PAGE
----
But how much better off is he than the poor botanist who goes to seek at Oxford the means and help to make a working man of science of himself. He must first go through the general examination in Biology, must cram up text-books on Human Physiology, must read up all the futilities of the modern animal histologists, and dabble in the speculations of physiological chemists, to say nothing of his knowledge of the exoskeleton of the Anthropoda and other bits of special animal morphology, before he can turn to his heart's desire, the classification of Phanerogams. And he will cram; that will be the inevitable result.**

Hardly better off is the physiologist, properly so called. What he needs as general education is a thorough knowledge of physics and chemistry, with a general acquaitance with the fundamental laws and simpler facts of animal morphology. Instead of that, this scheme takes him away from physics and chemistry, and tries to smother him with the specialities of morphology, to which he most probably has a decided natural repugnance.

Worst off of all is the geologist, who has to go in for all three general subjects before he can make his special knowledge with with examiners, and who therefore will be induced to keep on cramming heterogeneous knowledge up to the last moment; forasmuch as the statutes tell him that his place will depend "on the joint result of his examination in all his subjects."

In our humble opinion it would have been far better to have made the previous examination to include the elements of Biology, and at the same time rather more searching as a whole. Every science scholar would then have known something of everything essential in Natural Science. Freed by this examination, he might have turned at once to that something of which he ought to know everything--to Geology, to Botany, to Animal Morphology, to Physiology, to Chemistry, to Physics. He would thus have, on the one hand, a sound foundation, with an insight into "the general philosophy," properly so called, of all science, and by early training in a special branch would have had his face set towards original work. We have no space left to criticise the various items of the special directions under Biology, Geology, &c.; but we cannot refrain from uttering our protest against the pernicious habit, carried to an excesss in this programme, of recommending particular books for study. This always means "particular books for examination," and is the most potent nurse of crams. Nor is the evil mended much by making the list of books large and long; for rather another evil is then introduced, viz., that of giving authoritative sanction to bad books. We venture to assert that no man of science can look through the list of books appended in this programme to his own particular line without being compelled to admit that some of the books recommended are essentially bad. We have spoken freely because the matter is one we have at heart. We must confess that the scheme at Oxford, as it stands at present, is inferior to that at Cambridge (excepting always that fearful system of order of merit, which hangs like a millstone round all Cambridge studies), and decidedly inferior to what the scientific examinations of the University of London will be when some necessary changes have been made in its B.Sc.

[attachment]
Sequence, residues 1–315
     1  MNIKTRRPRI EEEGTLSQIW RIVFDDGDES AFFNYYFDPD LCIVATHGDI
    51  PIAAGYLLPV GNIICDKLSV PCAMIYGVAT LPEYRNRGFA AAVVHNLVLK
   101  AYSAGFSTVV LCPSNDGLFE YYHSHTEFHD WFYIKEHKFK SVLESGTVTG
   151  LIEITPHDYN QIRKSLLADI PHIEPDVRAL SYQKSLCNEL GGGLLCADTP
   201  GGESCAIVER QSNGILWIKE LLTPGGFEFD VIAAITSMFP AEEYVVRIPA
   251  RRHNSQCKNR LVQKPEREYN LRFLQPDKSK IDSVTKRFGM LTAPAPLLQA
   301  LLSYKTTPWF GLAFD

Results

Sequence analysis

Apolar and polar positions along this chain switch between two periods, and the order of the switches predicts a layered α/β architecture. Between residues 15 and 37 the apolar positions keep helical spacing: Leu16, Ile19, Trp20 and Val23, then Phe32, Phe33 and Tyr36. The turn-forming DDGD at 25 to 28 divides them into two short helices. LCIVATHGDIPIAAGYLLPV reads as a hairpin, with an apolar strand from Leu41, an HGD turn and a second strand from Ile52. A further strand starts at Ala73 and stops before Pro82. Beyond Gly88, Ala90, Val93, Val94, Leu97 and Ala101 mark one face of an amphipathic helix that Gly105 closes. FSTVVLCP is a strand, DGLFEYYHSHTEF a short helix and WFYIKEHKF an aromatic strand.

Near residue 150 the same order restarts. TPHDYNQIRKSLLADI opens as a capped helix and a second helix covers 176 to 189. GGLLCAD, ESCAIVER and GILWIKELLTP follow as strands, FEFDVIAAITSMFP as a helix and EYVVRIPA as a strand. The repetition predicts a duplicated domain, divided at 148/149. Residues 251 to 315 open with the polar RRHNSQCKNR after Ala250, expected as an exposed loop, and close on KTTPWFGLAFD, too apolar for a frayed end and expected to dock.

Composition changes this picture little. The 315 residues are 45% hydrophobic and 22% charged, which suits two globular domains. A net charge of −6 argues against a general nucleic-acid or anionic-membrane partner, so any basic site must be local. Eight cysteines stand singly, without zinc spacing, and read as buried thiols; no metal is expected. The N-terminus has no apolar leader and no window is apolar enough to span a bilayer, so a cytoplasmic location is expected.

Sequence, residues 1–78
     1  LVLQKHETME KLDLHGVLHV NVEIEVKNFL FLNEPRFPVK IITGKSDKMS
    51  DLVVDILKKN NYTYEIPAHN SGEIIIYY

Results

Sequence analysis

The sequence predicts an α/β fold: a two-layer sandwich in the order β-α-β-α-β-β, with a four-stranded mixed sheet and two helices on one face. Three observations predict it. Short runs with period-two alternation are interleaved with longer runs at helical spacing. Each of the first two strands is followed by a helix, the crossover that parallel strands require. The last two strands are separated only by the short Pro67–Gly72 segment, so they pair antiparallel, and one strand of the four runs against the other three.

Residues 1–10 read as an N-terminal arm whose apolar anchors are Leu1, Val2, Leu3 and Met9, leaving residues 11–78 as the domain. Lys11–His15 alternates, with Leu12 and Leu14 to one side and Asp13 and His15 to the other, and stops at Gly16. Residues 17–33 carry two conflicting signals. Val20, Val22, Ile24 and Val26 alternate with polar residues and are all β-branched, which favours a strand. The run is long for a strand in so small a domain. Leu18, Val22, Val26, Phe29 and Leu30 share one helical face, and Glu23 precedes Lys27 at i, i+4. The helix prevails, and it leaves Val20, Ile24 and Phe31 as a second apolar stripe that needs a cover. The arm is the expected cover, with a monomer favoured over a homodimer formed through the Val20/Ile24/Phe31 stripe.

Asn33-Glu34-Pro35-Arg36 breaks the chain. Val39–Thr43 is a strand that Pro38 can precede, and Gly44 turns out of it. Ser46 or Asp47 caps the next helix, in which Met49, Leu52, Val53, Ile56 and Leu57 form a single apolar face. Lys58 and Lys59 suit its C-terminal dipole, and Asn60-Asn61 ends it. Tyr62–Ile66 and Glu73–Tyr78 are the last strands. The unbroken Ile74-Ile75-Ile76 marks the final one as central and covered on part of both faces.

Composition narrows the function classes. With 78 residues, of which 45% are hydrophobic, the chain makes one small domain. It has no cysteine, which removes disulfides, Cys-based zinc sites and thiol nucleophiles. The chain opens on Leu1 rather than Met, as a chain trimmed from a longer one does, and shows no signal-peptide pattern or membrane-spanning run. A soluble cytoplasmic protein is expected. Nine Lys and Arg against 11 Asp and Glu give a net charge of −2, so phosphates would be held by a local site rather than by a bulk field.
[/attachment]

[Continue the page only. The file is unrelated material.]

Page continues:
* Notice of the Board of Studies for the Natural Science School of the University of Oxford, 1872.

** The prolixity of some members of the Board seems to have driven the framer of the section of Botany into the opposite extreme. We cannot think it intended that the examination in Botany should be so feeble as the programme seems to intimate.

Transcribed by AP October 2012